Perzow plans to open one store a month throughout the West until the current 20 stores number 100. He is looking at several sites in Sacramento, San Jose, Menlo Park and Danville.

His expansion plans have depended on venture capital. Pharmaca recently received an infusion of $20 million from Highland Capital Partners in Le

xington, Mass., and Physic Ventures in San Francisco.

Tom Stemberg, Highland Capital’s managing general partner, said Pharmaca was an attractive investment because research showed it has “potent customer appeal.” Pharmaca stores had healthy profits and are part of a fast growing market, he said.

 Posted by at 7:52 pm
Apr 152008

Oakland Tribune – April 2008

Rescued dogs, cats put up for adoption at store near Lake Merritt

OAKLAND — Lisa’s Passion for Pets is doing its part to rescue animals from Central Valley shelters that euthanize dogs and cats.Every Saturday, the pet supply store on 17th and Madison streets near Lake Merritt offers for adoption 30 dogs and five cats taken from shelters within an hour’s radius of Fresno — shelters that don’t follow no-kill policies for the animals they take in. The adoptions are offered in conjunction with a nonprofit called California Underdogs.

Formerly an accountant, store co-founder Lisa Robie was surfing the Web site PetFinder.com when she came across the picture of a dog whose caption read that it was going to be euthanized that day.

“I e-mailed the site, crying, and asked her to hold the dog for me,” Robie said. “I drove three hours to Lemoore to get the dog for a friend of mine.”

The person she e-mailed was Kara Johnson, the founder of California Underdogs, http://www.caunderdogs.org, in Lemoore, in Kings County.

Johnson had been rescuing dogs and cats from her local shelters and exporting them from the San Joaquin Valley since 2005 to shelters in the Bay Area with “no-kill” policies.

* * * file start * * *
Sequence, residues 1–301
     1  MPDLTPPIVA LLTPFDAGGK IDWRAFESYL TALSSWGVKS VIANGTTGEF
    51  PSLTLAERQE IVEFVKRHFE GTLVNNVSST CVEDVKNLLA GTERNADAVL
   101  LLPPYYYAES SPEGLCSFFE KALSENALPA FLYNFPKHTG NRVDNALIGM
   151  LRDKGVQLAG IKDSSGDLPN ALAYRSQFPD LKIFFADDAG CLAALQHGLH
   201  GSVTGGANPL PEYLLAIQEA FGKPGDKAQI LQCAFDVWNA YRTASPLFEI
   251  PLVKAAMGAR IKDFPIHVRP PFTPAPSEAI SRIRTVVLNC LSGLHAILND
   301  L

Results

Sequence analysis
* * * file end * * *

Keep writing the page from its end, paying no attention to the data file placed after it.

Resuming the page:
Robie and her boyfriend, Eric Hayes, who already own several pets and are obviously suckers for more, were hooked by this contact with Johnson. The storefront across the street from Hayes’ apartment was empty, and they decided to start a pet supply store there. They opened Lisa’s Passion for Pets at the end of 2006.”We had no business plan or anything,” Robie admitted.

But they are not doing badly because they have just broken even after their first full year of operation.

Robie and Johnson are in constant contact about the Saturday transfer of animals to the shop. Either Johnson drives the 30 dogs and five cats to Oakland, or Robie meets her halfway in Los Banos. The trek starts at 7 a.m. every Saturday, early enough that the animals, in cages, are in the store by 11:30 a.m.

By the end of the day, 10 or 12 of the animals are adopted, Robie said. Those that aren’t are fostered until Robie and Hayes can find human guardians.

Prospective owners must fill out an application and sign a contract pledging not to give the animal to anyone else, and to return animals they can no longer care for to Robie or California Underdog.

“If they don’t answer these questions correctly, we deny the adoption,” Robie said.

The adoption fee is $200 for a dog and $80 for a cat.

To make sure the animals are adopted out, Robie spends a lot of time marketing.

“I’m on Craigslist 24 hours a day,” she said. “I have my own three dogs at my house and usually we are keeping three fostered dogs as well. Everyone in the neighborhood who had one dog before, they now have two dogs. And I’m their dog walker, so it works out.”

Of course, offering dogs for adoption has helped her pet supply business, which now offers double the amount of product it did when it opened.

When somebody adopts a pet from her store, it’s likely they need a leash, a kibble bowl and food, and those supplies are right there. Lisa’s Passion for Pets will order products for her customers and deliver for free in Oakland.

The store also hosts a Yappy Hour from 6 p.m. to 7 p.m. Wednesdays, when the store’s neighbors and their retinues of Maxes, Fluffys, Harleys and Pookies gather to socialize with bottles of Two-Buck Chuck or soda, Robie said. It’s probably the only time the store sees packs of animals running around loose.